Electricity generated from waste heat

Power from nowhere

The new process will enable 14 per cent of heat waste conversion to electricity.

“It has been known for 100 years that semiconductors have this property that can harness electricity,” said Mercouri Kanatzidis, the Charles E and Emma H Morrison Professor of Chemistry in The Weinberg College of Arts and Sciences.

“To make this an efficient process, all you need is the right material, and we have found a recipe or system to make this material.” To make this possible, the team dispersed nanocrystals of rock salt (SrTe) into the material lead telluride (PbTe).

They also managed to use nanostructures in lead telluride to reduce electron scattering and increase the energy conversion efficiency of the material. “We can put this material inside of an inexpensive device with a few electrical wires and attach it to something like a light bulb,” said Vinayak Dravid.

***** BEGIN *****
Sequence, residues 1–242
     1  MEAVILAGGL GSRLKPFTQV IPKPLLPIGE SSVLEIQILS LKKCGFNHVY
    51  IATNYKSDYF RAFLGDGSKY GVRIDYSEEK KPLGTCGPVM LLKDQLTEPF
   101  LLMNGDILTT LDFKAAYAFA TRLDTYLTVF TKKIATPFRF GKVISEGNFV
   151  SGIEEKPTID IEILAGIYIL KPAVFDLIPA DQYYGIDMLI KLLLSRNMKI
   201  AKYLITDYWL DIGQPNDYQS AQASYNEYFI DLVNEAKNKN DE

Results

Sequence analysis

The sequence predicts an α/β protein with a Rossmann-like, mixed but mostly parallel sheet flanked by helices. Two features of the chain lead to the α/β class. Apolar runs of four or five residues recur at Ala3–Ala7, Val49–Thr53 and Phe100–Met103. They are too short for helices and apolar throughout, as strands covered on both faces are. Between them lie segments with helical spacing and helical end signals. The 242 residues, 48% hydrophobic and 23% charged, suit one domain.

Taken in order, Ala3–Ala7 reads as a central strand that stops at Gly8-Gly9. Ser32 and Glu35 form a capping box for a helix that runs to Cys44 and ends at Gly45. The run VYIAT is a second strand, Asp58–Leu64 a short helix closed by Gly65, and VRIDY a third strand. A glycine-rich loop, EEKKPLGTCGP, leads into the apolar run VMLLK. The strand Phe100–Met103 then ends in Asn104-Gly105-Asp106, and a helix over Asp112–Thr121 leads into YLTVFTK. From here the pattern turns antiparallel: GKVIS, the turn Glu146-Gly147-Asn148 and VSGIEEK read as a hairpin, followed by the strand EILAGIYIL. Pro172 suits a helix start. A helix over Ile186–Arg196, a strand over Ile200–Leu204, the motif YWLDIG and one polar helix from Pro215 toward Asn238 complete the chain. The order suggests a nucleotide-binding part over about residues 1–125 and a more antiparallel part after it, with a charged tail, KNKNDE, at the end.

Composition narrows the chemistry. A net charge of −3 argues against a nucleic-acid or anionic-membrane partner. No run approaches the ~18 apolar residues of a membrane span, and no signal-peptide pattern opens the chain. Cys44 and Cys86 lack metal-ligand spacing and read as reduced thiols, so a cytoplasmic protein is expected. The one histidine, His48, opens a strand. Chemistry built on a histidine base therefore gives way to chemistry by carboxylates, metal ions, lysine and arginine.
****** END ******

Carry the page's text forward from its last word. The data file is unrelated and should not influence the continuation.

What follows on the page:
“The device can make the light bulb more efficient by taking the heat it generates and converting part of the heat, 10 to 15 per cent, into a more useful energy like electricity.” Kanatzidis said that automotive, chemical, brick, glass and any industry that uses heat to make products could make their system more efficient with the use of this find.

“These types of structures may have other implications in the scientific community that we haven’t thought of yet, in areas such as mechanical behaviour and improving strength or toughness. Hopefully others will pick up this system and use it,” concluded Dravid.

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